Psalm 126: 5-6
Those who sow with tears will reap with songs of joy.
Those who go out weeping carrying seed to sow,
Will return with songs of joy carrying sheaves with them.

So my prayer for you, Sweet Sister, is that you will be honest with God through the years and share with Him all of your thoughts and feelings (in your mind, or better yet in a journal). He wants a real relationship with you, and that will include some wrestling.

Most of all, I pray you will always know that anything that happens is always filtered through His loving fingers and He works all things out for those that Love God and are called according to His purpose. (Rom. 8:28)

He is good          He is Love          He is in control.

Ask your Generous abba (daddy) for help, but always end your requests with, “Thy will be done.”

His Forever,

Amber O’Brien

For Those Who Are Grieving This Christmas Season

AmberOBrien"

       My experienced friends warned me that certain days of the year could pull a bereaved person down into a quicksand-like spiral as the memory of the past rubs salt into the still-wounded present. Holidays and anniversaries magnify the loss of a loved one, each event having the potential to drag under the people left behind. As a new Christmas season approached, I hoped that during the second anniversary of my baby girl Megan’s birth and death, I would resist both fighting the pull of grief and trying to speed through this potentially heartbreaking time. For as a victim in quicksand soon learns, both thrashing around and trying to rush through it could result in more loss. Continuing to fight causes the quicksand victim to further sink, just as I could further sink into my grief and self pity. Panicking and trying to speed the process of escape causes the victim to sink faster, just as I could push myself further into the pit of despair by not taking my time to acknowledge and face my grieving.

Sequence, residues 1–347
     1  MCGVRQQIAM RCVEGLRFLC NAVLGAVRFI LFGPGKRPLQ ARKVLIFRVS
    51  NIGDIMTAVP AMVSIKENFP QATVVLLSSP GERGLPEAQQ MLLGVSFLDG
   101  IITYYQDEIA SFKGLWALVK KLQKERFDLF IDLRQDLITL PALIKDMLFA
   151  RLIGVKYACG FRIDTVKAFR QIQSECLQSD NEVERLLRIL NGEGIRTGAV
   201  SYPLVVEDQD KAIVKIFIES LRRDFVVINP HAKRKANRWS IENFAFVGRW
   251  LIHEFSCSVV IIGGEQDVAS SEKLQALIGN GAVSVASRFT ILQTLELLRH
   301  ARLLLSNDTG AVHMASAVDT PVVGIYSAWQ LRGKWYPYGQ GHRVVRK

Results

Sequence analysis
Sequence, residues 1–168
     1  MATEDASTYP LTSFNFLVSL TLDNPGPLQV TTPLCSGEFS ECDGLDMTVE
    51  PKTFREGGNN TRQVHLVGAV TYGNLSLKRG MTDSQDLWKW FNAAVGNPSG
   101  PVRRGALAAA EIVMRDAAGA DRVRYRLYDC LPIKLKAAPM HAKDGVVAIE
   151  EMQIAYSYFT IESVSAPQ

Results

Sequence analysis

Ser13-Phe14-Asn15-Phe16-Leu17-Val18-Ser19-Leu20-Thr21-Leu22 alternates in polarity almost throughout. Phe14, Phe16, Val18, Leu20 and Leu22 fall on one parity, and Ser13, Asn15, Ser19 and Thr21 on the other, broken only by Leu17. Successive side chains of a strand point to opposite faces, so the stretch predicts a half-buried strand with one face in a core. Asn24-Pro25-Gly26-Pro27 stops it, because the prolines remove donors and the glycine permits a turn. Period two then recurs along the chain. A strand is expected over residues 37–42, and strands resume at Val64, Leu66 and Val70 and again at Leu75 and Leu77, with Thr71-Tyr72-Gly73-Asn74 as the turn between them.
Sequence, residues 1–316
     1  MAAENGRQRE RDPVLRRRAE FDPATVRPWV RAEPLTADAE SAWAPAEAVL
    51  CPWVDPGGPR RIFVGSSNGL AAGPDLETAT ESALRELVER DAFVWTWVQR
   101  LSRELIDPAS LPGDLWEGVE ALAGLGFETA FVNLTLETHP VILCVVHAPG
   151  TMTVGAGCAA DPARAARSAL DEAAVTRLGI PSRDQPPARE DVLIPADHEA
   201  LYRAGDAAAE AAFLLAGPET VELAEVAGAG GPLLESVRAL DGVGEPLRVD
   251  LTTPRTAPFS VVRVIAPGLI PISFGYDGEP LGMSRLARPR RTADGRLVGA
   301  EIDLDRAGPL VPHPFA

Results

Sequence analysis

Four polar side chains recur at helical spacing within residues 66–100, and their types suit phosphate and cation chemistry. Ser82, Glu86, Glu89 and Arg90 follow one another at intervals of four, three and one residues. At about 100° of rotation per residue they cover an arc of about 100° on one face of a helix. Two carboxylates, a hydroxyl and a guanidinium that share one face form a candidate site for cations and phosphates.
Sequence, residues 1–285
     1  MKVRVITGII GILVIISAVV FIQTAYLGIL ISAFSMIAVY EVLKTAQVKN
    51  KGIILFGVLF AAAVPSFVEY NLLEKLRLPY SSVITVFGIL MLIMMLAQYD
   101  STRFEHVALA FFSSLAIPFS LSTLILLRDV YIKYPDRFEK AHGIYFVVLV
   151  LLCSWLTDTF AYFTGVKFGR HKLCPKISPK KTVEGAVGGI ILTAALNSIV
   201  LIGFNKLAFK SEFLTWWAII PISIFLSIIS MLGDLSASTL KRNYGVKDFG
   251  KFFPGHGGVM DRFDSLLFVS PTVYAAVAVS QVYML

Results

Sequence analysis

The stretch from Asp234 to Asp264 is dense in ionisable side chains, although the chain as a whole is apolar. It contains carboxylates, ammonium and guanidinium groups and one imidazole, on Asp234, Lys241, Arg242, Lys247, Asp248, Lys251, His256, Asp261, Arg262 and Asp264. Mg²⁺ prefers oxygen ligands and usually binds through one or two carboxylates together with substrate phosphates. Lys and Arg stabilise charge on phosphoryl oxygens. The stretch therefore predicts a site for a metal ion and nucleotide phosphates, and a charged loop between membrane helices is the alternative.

The Key with both quicksand and with grief is to move slowly, take small steps, and be willing to let others pull you out.

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     Two years before, I gave birth to a premature baby girl on December 23. The most intense forty days of my life followed her emergency birth as my husband and I watched our baby girl go on and off a respirator and survive bowel surgery, only to watch her take her final breath in my arms. Megan weighed just 2 pounds 4 ounces, but she was perfectly formed, a true gift from God. As she struggled for her life, we struggled against two major snowstorms to bring her my breast milk. I felt so torn between visiting the hospital and caring for my other two daughters, Mary Jo and Katie, at home.